Understand the concept of a ratio and use ratio language to describe a ratio relationship between two quantities. For example, “The ratio of wings to beaks in the bird house at the zoo was 2:1, because for every 2 wings there was 1 beak.” “For every vote candidate A received, candidate C received nearly three votes.”
Understand the concept of a unit rate a/b associated with a ratio a:b with b ≠ 0, and use rate language in the context of a ratio relationship. For example, “This recipe has a ratio of 3 cups of flour to 4 cups of sugar, so there is 3/4 cup of flour for each cup of sugar.” “We paid $75 for 15 hamburgers, which is a rate of $5 per hamburger.”1
Use ratio and rate reasoning to solve real-world and mathematical problems, e.g., by reasoning about tables of equivalent ratios, tape diagrams, double number line diagrams, or equations.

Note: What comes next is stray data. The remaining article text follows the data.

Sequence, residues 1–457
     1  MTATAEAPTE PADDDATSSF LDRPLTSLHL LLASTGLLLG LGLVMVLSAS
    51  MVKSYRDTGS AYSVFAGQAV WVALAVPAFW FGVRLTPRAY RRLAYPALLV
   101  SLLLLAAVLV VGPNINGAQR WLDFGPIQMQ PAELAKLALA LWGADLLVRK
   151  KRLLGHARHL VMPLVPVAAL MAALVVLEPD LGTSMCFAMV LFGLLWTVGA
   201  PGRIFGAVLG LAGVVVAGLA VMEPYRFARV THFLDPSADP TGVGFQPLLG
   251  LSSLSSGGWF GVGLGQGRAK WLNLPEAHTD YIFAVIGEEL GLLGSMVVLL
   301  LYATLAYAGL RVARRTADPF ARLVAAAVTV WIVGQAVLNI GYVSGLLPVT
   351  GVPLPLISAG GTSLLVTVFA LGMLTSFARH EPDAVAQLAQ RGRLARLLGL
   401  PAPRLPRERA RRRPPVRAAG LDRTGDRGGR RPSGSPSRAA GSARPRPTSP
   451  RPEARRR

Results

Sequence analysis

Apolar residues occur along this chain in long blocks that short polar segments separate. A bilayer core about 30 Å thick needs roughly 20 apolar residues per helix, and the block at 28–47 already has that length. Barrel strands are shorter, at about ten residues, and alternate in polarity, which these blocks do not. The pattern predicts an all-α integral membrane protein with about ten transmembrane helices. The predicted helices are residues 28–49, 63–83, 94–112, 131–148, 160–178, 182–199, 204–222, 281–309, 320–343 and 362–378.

Compute unit rates associated with ratios of fractions, including ratios of lengths, areas and other quantities measured in like or different units. For example, if a person walks 1/2 mile in each 1/4 hour, compute the unit rate as the complex fraction 1/2/1/4 miles per hour, equivalently 2 miles per hour.
Decide whether two quantities are in a proportional relationship, e.g., by testing for equivalent ratios in a table or graphing on a coordinate plane and observing whether the graph is a straight line through the origin.
Identify the constant of proportionality (unit rate) in tables, graphs, equations, diagrams, and verbal descriptions of proportional relationships.